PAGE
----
Charlie Sweatpants: There isn’t anything in this episode that doesn’t feel slapped together in, like you said, a “get it done and let’s go drinking” kind of way.
Mad Jon: The only thing I liked was the first Kearny explanation of the three secret murders. But they couldn’t leave it at that.
Wait, also I liked the Rod and Todd thing too.
Short and sweet.
Charlie Sweatpants: But even that made no sense.
They’re just there?
Mad Jon: No sense indeed, but a good visual gag of the two 40 yr old men with mustaches.
Charlie Sweatpants: Fair enough. In terms of things they couldn’t just drop, the park ranger saying that the bugs are “firmly in charge” is funny, then they take his ring . . . and then they take his hand. What the fuck?
Mad Jon: Yeah, again the normal ‘take things one to three steps too far’ was abound.
Count me not surprised.
And for that matter, consider my opinion of the ending along the same terms.
Charlie Sweatpants: Hey, we might not have gotten it through our thick skulls that Bart can deal with creditors the first four times.
Mad Jon: But we used to be cool!
Ok, we all agree that this one is terrible bordering upon criminal, correct? Anyone have anything else to add before we move on?
Charlie Sweatpants: I dunno, “first straight female president” was kinda funny, as was Clinton’s porn stash, but we’ve barely even mentioned that idiotic B-plot, which even they were a little ashamed of.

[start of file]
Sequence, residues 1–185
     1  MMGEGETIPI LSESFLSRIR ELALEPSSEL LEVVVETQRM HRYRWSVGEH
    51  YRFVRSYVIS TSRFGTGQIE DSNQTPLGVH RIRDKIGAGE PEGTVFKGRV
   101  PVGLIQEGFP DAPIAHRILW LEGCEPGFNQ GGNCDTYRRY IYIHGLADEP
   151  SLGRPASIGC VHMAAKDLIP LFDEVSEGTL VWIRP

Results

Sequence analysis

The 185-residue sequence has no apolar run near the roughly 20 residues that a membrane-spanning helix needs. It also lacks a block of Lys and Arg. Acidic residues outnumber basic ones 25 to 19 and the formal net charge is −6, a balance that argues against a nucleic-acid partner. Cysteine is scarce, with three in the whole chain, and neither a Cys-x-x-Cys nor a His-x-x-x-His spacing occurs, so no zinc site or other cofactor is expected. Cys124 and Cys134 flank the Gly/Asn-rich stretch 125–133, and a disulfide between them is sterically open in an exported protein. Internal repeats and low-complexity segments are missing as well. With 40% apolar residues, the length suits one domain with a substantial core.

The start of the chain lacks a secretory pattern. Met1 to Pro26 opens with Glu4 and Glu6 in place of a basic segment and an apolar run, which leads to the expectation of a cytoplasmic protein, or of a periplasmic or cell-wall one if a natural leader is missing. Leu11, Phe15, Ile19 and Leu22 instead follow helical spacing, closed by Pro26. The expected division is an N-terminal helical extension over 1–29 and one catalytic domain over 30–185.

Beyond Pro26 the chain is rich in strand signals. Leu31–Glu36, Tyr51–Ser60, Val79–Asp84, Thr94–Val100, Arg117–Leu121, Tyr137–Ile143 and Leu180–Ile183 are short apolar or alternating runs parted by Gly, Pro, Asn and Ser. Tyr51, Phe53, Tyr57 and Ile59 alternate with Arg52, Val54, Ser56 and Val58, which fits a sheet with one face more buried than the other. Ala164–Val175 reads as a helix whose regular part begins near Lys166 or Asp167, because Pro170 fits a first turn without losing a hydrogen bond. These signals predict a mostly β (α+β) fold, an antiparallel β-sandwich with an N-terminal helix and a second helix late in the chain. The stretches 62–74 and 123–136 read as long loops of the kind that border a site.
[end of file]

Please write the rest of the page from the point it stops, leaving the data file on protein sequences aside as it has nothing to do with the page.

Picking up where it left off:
Mad Jon: Oh yeah, forgot about Lincoln’s gold.
Sorry to jump the gun.
Charlie Sweatpants: I don’t really need to delve into those if you guys don’t, though. This script should’ve been thrown into the sea.
Mad Jon: I did like Clinton’s stash. By the way, was Uter at the council of coolness?
Charlie Sweatpants: I dunno. I could check in less time than it’ll take me to finish typing this sentence, but I’m not going to.
Mad Jon: Probably for the best.
Charlie Sweatpants: Yeah, Dave anything?
Dave: Hey, sorry. Distracted, nothing from me.
Charlie Sweatpants: Okay, let’s run far away from this episode and . . . oh, crap, the next one is the one where Barney quits drinking, isn’t it?
Mad Jon: Yes. Unfortunately you are correct.
Charlie Sweatpants: Okay, let’s get started. I’m going to get the whisky.
Mad Jon: Thank God.
Dave: Let’s see how drunk we can get.